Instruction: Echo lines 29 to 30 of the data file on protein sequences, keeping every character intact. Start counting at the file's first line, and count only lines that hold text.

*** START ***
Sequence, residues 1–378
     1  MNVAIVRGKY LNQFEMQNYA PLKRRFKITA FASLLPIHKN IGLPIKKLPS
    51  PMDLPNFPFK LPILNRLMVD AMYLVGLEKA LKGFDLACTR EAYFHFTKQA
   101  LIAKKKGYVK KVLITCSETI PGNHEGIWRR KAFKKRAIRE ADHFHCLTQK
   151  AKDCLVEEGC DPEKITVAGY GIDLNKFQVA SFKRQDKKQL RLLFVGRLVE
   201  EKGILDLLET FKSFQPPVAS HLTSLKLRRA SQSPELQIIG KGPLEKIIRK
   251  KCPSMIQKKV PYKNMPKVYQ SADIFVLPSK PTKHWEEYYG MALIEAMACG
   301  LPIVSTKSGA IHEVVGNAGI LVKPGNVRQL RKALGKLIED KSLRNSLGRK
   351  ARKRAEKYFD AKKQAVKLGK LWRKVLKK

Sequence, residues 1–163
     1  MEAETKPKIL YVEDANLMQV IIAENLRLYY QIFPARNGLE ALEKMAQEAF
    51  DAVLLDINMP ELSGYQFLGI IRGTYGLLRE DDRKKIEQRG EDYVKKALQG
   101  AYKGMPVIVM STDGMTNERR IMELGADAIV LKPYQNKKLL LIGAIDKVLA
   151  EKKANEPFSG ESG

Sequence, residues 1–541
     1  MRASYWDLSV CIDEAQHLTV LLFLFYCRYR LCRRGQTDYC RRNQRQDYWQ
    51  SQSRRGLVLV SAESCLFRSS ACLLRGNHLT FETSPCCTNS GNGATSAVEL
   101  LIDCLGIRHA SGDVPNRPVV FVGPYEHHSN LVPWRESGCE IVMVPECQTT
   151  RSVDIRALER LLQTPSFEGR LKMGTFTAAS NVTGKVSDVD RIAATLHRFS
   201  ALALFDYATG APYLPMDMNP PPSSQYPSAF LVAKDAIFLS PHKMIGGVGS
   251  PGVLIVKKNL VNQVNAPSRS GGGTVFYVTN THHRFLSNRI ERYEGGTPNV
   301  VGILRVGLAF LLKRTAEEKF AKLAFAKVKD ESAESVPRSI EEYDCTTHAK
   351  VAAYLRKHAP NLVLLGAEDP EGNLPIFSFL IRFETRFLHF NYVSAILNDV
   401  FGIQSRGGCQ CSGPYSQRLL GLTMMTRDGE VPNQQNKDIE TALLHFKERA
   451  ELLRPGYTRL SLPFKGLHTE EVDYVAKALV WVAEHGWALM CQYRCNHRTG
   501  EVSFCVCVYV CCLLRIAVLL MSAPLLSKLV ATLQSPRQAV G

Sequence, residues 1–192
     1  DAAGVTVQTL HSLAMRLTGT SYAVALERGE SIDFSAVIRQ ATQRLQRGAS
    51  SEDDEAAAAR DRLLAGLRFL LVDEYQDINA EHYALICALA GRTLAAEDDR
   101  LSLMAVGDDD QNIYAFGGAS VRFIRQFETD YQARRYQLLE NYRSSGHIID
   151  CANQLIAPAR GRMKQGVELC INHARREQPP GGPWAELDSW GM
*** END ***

    51  SEDDEAAAAR DRLLAGLRFL LVDEYQDINA EHYALICALA GRTLAAEDDR
   101  LSLMAVGDDD QNIYAFGGAS VRFIRQFETD YQARRYQLLE NYRSSGHIID